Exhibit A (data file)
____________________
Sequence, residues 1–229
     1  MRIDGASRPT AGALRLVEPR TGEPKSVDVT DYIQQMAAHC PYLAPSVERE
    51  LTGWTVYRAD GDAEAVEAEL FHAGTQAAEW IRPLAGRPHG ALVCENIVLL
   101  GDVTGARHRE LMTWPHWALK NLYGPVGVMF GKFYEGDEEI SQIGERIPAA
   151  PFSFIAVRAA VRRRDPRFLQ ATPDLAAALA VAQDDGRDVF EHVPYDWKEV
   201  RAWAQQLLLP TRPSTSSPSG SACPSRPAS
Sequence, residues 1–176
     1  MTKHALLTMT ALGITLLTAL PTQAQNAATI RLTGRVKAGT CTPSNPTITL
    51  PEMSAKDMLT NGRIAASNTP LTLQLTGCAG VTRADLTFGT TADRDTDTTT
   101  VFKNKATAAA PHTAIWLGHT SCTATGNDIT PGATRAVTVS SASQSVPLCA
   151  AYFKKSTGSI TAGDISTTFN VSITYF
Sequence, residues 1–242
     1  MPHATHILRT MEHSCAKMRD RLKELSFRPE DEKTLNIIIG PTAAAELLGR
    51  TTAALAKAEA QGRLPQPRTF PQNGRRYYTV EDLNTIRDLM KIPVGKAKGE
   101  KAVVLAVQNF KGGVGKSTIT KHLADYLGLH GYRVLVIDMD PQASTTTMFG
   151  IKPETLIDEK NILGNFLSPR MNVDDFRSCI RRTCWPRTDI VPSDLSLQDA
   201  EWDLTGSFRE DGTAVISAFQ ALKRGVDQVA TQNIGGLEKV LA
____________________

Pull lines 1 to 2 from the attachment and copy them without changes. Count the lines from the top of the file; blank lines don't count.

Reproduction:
Sequence, residues 1–229
     1  MRIDGASRPT AGALRLVEPR TGEPKSVDVT DYIQQMAAHC PYLAPSVERE